process to manage innovation. There can be many approaches to managing innovation, and they can be contradictory for example, Takeuchi and Nonaka (1986) discuss a rugby-like approach where the NPD process arises out of the interplay of a multidisciplinary team. They specifically argue against defined and highly structured stages, which on the other hand, although in different ways, form the basis of both Coopers Stage-Gate system and NASAs more linear Phased Review system. How are these frameworks supposed to be implemented in an organization? Once the manager has chosen a framework that is in line with the organizations strategy and vision, the existing culture and structure, as well as the innovation goals the manager is trying to achieve, the manager now needs to bring in the change and implement the framework. This typically starts with some sort of assessment to judge where the organization is currently in terms of an innovation process and performance. There is a fundamental prerequisite of buy-in from top management, which is essential to proceed. The Pentathlon framework suggests approaching the implementation from a project perspective, while Cooper suggests this could be a lifestyle change in the company culture. In either case, the gap between the new product development performance and objectives should be identified, and the current practices should be audited to identify both positives and deficiencies. This is a great time to benchmark other firms, or preferably to analyse industry reports to set benchmarks. If taking a project approach, project management principles can be applied, dividing the project into phases, setting project aims in a project charter to create specifications, and allocating time and money. Along with the Project Schedule, the Work Breakdown Structure and Resource Plan are created. Risk management is also an important aspect, which can be covered through the use of checklists, or the use of Failure Mode and Effect Analysis (FMEA). For service products, service-concept descriptions and service blueprinting are handy additional tools to generate ideas for innovation. Managing Stakeholders and expectations is an important aspect for any change project, and since innovation is likely to cause a change in the existing order of things, resistance must be anticipated and dealt with. Johnson and Scholes Spectator Matrix is a simple but effective way of classifying stakeholders and the managers response to them. Once the innovation management system is in place, continuous assessment is necessary to ensure it is functioning in line with the desired objectives and companys strategic goals and vision. For project style approaches, a post-project review session is helpful, especially if this knowledge is made available formally to future projects. Creating permanent change through culture

If done correctly, institutionalizing a culture of innovation in an organization can be one of the most beneficial outcomes of a structured approach to innovation. Companies which go out of their way to provide employees the freedom and support to innovate find innovation becoming a part of their culture. Bringing in an innovation system is itself an innovation for an organization. During this process, the organizational structure can be realigned, creating cross functionally aware or autonomous teams. Routines, rituals and symbols can be utilized to support innovation. However this must all be supported by adequate control systems including processes for portfolio and NPD management. Measuring Innovation Performance through Assessment Only that which gets measured can be improved. However, according to McKinsey, measures are one of the main challenges of Innovation Management. Organizations need to measure all three of inputs, process and outputs. Here it is vital to note that the number of patents filed is merely an indicator of creativity, and not innovation. Earnings from patent licensing are a more appropriate measure. According to Neely, Richards, Mills, Platts and Bourne, Measurement Systems should be simple, easily understood, linked to strategy, reliable and appropriate. Innovation audits are another method of collecting both quantitative and qualitative information that can provide insights into the organizations performance on innovation parameters. Priority areas and linkages thus identified can improve the efficacy of the structured innovation system. What happens in reality? From practical experiences of managers who have implemented innovation frameworks and other structured approaches to innovation within their organizations, we see that the formal approaches are rarely, if ever, implemented exactly. Christiansen and Varnes (2009) talk about the practical need of managers for sense-making of the formal rules into flexible systems suitable for their organization, culture or projects particular requirement. We a have also heard how the Stage-Gate System is modified for use at Rockwool as a type of innovation project dashboard. As also observed at Amazon, a company known for its innovative environment and culture, I feel that when frameworks are modified or temporarily abandoned for a particular innovation project, it might improve the speed or performance of that innovation project, however this prevents the full benefits, including tacit learning and knowledge transfer, from reaching the organization. Conclusions I feel that in reality until structured approaches to innovation management take on an almost religious practice like what happened with TQM, Six Sigma, Lean or TPS, managers will continue with ad-hoc implementations that satisfice temporary requirements but are not continued in the long run. Such implementations also do not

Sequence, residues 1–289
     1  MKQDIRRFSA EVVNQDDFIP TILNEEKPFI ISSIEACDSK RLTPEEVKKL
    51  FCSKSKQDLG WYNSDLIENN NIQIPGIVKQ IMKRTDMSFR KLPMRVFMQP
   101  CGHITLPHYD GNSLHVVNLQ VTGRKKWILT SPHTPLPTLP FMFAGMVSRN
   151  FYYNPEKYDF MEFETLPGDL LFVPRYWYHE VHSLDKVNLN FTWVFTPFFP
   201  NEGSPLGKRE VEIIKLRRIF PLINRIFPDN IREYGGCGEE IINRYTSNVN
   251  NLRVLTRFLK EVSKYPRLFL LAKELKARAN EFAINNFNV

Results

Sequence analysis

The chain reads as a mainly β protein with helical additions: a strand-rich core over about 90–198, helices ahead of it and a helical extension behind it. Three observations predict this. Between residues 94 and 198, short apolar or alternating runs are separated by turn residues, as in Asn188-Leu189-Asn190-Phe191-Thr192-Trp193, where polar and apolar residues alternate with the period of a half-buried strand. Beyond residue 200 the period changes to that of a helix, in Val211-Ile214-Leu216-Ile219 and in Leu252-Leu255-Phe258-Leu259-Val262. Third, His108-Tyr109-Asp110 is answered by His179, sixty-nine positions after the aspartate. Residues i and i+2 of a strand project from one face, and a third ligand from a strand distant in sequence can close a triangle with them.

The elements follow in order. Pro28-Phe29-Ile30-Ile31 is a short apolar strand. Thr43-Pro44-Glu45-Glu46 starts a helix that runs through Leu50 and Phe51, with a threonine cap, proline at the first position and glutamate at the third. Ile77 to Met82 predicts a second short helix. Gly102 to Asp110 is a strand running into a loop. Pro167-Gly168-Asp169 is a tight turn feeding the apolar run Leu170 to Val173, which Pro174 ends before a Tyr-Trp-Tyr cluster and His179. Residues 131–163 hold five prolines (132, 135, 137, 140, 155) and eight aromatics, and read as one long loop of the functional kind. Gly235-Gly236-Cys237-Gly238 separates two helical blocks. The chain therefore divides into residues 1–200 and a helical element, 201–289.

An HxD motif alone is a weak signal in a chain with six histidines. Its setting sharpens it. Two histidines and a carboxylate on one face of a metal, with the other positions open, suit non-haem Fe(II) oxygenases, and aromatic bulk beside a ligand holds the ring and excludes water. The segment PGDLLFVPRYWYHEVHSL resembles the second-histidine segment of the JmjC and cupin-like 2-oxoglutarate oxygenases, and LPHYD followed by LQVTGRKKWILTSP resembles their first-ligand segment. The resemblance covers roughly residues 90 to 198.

bring with them the long term benefits like creating an organizational culture of innovation. For this religious adoption to happen, innovation management needs a large and visible corporate benefactor, a success story that makes people stand up and take notice, like what GE did for Six Sigma and Toyota for TPS. Although systems like StageGate are popular, I believe that on a larger scale, organizations are more likely to follow such corporate-promoted success stories than consultants like Cooper.

References: Cooper, R.G. (2011), Winning at New Products Goffin, Keith and Mitchell, Rick (2010), Innovation Management: Strategy and Implementation using the Pentathlon Framework Christiansen, John K. and Varnes, Claus J. (2009), Formal Rules in Product Development: Sensemaking of Structured Approaches, Journal of Production and Innovation Management Vol. 26, pp 502-519 Neely, A., Richards H., Mills, J., Platts, K. and Bourne, M., Designing Performance Measures: A Structured Approach, International Journal of Operations and Product Management, Vol. 17, No. 11 (1997), pp 1131-1152